Photovoltaic mode occurs in a purely solid-state device when an electron’s energy level is excited by a photon without an electric field bias, but the electron is not separated from its hole restricting photocurrent out of the device. In contrast to photoelectrochemical activation, photovoltaic activation does not lead to a chemical reaction30. This means that Faradaic charge transfer does not occur. The movement of the electron from one energy state to another generates a small voltage. While the ψ voltage from individual electrons may be undetectable from the thermal noise in in vivo recording experiments, the cumulative intensity and surface area dependent photovoltaic effect can generate large electrical artefacts during electrophysiology recording. This large voltage, low power artefacts are sometimes called anomalous photovoltaic effects or bulk photovoltaic effects and caused by grains or domains adding in series, or by non-centrosymmetry in crystals. This cumulative voltage change can lead to a transient non-Faradaic charge transfer at the electrode-electrolyte interface when the light source is turned on or turned off. During continuous illumination with the same intensity light, the rate of electrons rising to the conduction band and falling to the valence band reaches equilibrium, and no net non-Faradaic charge transfer is observed.

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Photothermal mode generally occurs when a photon transfers energy into an electron, but the absorbed energy is not translated into the generation of another photon, electron release, or increase in the energy state of the electron. Instead, the absorbed energy or excess energy is released as kinetic energy or heat. It is also worth noting that the electrical conductivity (σ) of isotropic conductors is related to thermal conductivity (k) as described by the Wiedemann-Franz Law:

௞ ൌ ‫ܶܮ‬

(6)



where L is the Lorenz number and T is temperature. The

Rutherford model of atoms explains that most of matter is empty space 31, photons can penetrate multiple atomic layers of

a material before exciting an electron or experiencing coherent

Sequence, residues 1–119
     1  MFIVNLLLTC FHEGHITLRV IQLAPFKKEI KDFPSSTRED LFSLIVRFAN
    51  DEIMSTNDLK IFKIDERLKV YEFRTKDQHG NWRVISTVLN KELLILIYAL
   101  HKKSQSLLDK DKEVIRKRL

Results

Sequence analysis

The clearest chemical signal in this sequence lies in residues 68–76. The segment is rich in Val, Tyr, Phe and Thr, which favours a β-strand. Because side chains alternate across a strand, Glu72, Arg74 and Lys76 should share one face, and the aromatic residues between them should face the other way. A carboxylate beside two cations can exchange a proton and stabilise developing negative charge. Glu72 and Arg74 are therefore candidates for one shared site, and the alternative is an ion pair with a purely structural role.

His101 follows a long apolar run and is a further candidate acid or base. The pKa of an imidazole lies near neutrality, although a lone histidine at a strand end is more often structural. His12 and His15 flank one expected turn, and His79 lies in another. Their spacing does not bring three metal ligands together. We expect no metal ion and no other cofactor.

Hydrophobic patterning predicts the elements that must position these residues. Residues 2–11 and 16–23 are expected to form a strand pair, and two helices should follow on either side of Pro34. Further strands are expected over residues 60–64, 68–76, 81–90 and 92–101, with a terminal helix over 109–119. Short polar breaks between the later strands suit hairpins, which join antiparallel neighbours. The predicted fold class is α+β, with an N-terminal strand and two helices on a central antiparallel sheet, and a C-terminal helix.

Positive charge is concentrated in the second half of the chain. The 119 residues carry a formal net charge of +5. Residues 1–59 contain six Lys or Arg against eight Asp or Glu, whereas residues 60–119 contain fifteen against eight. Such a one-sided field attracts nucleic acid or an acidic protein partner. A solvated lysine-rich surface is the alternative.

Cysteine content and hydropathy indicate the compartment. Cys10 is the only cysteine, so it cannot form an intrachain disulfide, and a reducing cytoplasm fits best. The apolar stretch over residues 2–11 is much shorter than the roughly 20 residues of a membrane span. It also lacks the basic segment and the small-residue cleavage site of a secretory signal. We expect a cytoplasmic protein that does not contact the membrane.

scattering (i.e. Thomson scattering). With metallic conductors,

the heat can be transferred to adjacent atoms and passed down

the length of the material. However, because insulators do not

conduct thermal energy as readily, most of the generated heat

does not transfer into the tissue at biologically relevant light

intensities.

Furthermore, in photoelectromagentic mode, absorbed

energy in the excited electron is released as a fluorescent

photon (i.e. a lower energy photon and therefore of higher

wavelength than the incident photon). Some biological tissues

have fluorescent properties, termed autofluorescence. Although

rare, autofluorescence may generate an artefact in imaging studies. Lastly, while photomagnetic effects exist32, the level of

optic power necessary to generate any detrimental artefact

precludes concern for in vivo experiments with current technologies 33.

5. Optics Dependent Properties

With incoherent light sources electrons are only dislodged by the photoelectric effect if light reaches or exceeds a threshold frequency, regardless of the amplitude and temporal length of exposure of light, However, these threshold frequency and wavelengths described by Einstein only apply to single-photon events. Nobel laureate Maria Goppert-Mayer described in 1931 that multi-photon events, where two or more photons simultaneously collide at the target, can greatly

reduce the cutoff threshold 34. In multi-photon photoelectric
activation, E does not scale linearly with N. Instead EN can be described as:

‫ܧ‬ே ൌ ሺܰ ൅ ܵሻ݄‫ݒ‬

(7)

where N is the number of simultaneously colliding photons and S is

some positive scalar value 35. Beyond multi-photon events, Einstein,

Podolsky, and Rosen hypothesized an additional two-particle entangled state 36. These were further described and characterized as:

‫ܧ‬ே ൌ ே௛௩

(8)

ଵି஻ೡ௙ሺூሻ

where f(I) is a function of light intensity and Bv is a material

based coefficient. This experimentally derived expression

represents additional quantum level photon-photon or photonelectron-photon interactions 37, 38. For example, in high

intensity light, a second photon can collide with an electron